I was meeting with a new client last week to get an idea of what she was hoping to achieve from our work together.  She said quite simply, “I want to be more inspiring and I have to be more persuasive. The first part is for me and the second part is for my job.”  Immediately an image popped into my head of a time when I was both inspired and persuaded.

It happened at a large conference of business leaders and education reformers who had gathered to discuss the then radical notion of charter schools and whether they were just a nefarious scheme to rob existing schools of precious resources, or whether they were the answer to all that was wrong with public education.  The stakes were high, lines were drawn, and hackles were raised.

The keynote speaker at this conference was Howard Fuller, former Superintendent of Milwaukee Public Schools and currently Director of the Center for the Transformation of Learning at Marquette University.  He not only captured the hearts and minds of everyone in the room, but he persuaded many skeptics that charters were worthy of a second look.  He was successful in his mission – and memorable – because he let his passion for educational equality shine through, and because he did such a good job of articulating why the audience should care about the charter school movement.

Part preacher, part storyteller, with a little in-your-face poetry slam technique thrown in for good measure, Howard Fuller blends the qualities of a captivating speaker into one powerful delivery.  While there is no video clip of that particular speech (remember VHS tapes?), I have included a link above and here to give you a sense of his style.

So, what can we all learn from Dr. Fuller about how to be more inspiring and persuasive?  Rhetorical devices.  Since I took notes that day and still have them in my Inspiration Folder, I can share with you the techniques he used to get all of us to sit up and pay attention.

Kinesthetic Imagery – Creating the feeling of motion, movement, or muscular tension/relaxation.

“What I have learned over the years is that far too many of us support change as long as nothing changes.  Change is hard. At every level it’s hard.  And as soon as you get some traction, someone will ask, ‘Why are we doing this? Can’t we go back to the old way?’ So I started this mantra of ‘leap before you look.’ Because if you look too long, you will never leap. You’ll be standing over that cliff, looking out, and waiting, and waiting some more.  But if you jump, you discover that there is an urgency to find new answers.”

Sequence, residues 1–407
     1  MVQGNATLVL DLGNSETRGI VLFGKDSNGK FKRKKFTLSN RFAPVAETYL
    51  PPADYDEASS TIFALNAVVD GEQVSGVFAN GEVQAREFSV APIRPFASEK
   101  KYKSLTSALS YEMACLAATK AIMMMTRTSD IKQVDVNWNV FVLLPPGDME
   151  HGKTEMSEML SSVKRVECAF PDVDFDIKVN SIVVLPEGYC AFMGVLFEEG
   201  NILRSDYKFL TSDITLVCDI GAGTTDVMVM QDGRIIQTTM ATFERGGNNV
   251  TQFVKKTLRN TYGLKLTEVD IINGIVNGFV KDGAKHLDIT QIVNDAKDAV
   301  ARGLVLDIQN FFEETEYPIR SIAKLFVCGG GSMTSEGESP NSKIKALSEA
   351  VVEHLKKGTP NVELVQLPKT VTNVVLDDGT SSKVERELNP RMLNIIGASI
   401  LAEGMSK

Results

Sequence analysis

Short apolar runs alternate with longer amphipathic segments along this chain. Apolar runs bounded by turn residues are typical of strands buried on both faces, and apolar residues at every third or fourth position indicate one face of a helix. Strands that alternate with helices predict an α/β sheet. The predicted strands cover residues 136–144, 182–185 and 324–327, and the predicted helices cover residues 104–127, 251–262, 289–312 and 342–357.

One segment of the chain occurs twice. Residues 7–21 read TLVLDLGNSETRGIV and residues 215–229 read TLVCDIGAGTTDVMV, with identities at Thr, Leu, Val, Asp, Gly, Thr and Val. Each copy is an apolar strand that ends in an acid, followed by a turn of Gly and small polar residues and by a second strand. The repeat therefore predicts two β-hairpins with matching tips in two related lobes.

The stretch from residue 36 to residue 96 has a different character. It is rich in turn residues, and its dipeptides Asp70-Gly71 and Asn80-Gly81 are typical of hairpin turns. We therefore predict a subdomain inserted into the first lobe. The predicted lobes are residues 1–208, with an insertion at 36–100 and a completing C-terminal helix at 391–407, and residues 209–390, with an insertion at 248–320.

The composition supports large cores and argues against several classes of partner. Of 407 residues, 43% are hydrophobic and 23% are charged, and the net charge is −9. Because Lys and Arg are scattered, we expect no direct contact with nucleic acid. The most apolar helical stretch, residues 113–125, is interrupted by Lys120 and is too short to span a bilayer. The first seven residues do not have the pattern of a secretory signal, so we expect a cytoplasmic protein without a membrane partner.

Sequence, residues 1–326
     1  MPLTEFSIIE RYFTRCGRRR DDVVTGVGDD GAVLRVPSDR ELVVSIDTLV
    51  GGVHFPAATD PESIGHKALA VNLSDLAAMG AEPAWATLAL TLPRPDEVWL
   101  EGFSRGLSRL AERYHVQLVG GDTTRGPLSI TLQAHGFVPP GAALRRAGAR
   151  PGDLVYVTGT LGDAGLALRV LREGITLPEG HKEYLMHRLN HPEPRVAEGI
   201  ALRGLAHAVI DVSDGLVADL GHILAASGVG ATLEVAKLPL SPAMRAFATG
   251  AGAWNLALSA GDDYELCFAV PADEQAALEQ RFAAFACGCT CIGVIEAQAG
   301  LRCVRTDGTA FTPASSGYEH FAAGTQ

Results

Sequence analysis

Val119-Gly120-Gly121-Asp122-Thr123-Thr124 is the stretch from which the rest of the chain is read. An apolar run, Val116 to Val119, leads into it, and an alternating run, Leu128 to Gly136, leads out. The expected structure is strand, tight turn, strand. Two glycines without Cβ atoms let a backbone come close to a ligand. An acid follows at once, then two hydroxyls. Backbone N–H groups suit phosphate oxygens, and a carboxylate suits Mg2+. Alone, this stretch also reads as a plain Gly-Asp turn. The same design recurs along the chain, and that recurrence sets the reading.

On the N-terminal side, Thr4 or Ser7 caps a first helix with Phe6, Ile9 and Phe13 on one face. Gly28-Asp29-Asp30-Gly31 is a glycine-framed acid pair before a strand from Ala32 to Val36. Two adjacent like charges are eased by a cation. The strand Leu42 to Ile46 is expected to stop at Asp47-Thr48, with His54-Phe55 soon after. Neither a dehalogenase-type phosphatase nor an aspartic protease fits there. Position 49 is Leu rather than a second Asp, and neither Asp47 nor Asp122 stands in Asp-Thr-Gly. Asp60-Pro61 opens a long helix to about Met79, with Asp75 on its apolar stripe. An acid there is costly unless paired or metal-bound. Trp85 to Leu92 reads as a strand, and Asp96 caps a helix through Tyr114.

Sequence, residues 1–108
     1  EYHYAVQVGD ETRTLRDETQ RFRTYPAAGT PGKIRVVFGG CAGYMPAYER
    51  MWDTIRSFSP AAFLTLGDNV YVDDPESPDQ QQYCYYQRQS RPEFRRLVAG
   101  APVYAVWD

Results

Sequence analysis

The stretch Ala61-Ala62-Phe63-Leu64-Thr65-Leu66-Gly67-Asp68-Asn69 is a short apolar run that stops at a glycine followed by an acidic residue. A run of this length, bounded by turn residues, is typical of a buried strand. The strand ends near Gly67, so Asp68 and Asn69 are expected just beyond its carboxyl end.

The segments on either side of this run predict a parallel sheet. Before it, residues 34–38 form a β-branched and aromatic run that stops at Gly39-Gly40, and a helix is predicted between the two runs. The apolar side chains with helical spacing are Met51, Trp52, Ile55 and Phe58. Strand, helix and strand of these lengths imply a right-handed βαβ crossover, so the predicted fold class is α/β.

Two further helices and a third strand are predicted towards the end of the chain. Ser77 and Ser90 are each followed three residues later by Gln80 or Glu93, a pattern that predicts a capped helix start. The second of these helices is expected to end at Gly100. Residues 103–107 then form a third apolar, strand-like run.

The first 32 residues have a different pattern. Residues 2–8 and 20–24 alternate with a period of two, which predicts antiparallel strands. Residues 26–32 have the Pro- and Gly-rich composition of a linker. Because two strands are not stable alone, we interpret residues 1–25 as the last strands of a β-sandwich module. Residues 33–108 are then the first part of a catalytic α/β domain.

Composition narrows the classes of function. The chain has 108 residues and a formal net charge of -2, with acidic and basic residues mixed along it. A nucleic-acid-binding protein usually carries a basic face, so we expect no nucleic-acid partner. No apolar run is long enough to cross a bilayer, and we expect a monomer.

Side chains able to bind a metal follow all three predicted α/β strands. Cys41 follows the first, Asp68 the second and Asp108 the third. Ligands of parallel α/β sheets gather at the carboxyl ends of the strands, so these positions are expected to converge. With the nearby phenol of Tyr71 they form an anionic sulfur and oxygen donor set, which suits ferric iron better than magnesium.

“We have rules and regulations and policies for everything. I mean ev-ry-thing. We have policies that allow adults to stay in their building just because they’ve been there the longest.  We’ve got people in these buildings who’ve been sitting back with their arms folded for the last ten years! Peter Drucker said, ‘There is nothing so useless as doing efficiently that which should not be done at all.’”

Anaphora/Word Repetition – using the same word or words at the beginning of successive phrases, clauses, or sentences.

“One of the things I did was to require that all 9th graders take Algebra.  You would have thought I asked for the world to end. The change blockers said, ‘They’re all gonna flunk!’ Now, I’ve visited classrooms where kids were taking Math for Life, Math for Going to the Supermarket, Math for How to Get on the Bus, Math for the Living Dead.  So my response was, ‘If you’re flunking them anyway, why not flunk them in a course that actually means something!’”

“We need people who respect our children, but I’m going to take it further and say that we need people who love our children. Because if you cannot love them, you cannot understand them. And if you cannot understand them, you cannot reach them. And if you cannot reach them, then how in the world can you expect to teach them?”

Analogy – comparing two things for the purpose of explaining or clarifying an idea.

“Those of you who have been in an [Apple] store, you know there are lots of gadgets and work tables and bean bag chairs. Invariably there are kids sitting on those chairs working on computers.  Now, when those kids show up in the classroom, do you think they’re gonna sit in perfect rows and be quiet and turn to page four in the textbook?  If you think that, you are sorely mistaken.  It’s like trying to teach the hip-hop generation with a waltz mentality, and then blaming the kids when it doesn’t work.” 

Key Takeaway:  It takes time to cultivate the skills of persuasion and influence primarily because it involves shifting our focus from our own needs and wants to those of our audience. We are all so busy and distracted that we don’t carve out the time to carefully craft our presentations, our project updates, our recommendations to the Board.  Our focus is on self-preservation (let me just get through this) or, in some cases, political positioning (all I need to do is not diminish my standing).  We end up giving nothing of ourselves.  As a result, our delivery is often dull and full of verbal junk food.

If your reputation matters, then be sure to find the time to plan out your remarks using these techniques. Then practice your delivery. Suddenly, your intention to be more persuasive has momentum. And one last word on being more inspiring. To quote Winston Churchill, before you can inspire others with emotion, you must first be swamped with it yourself.


– Barbara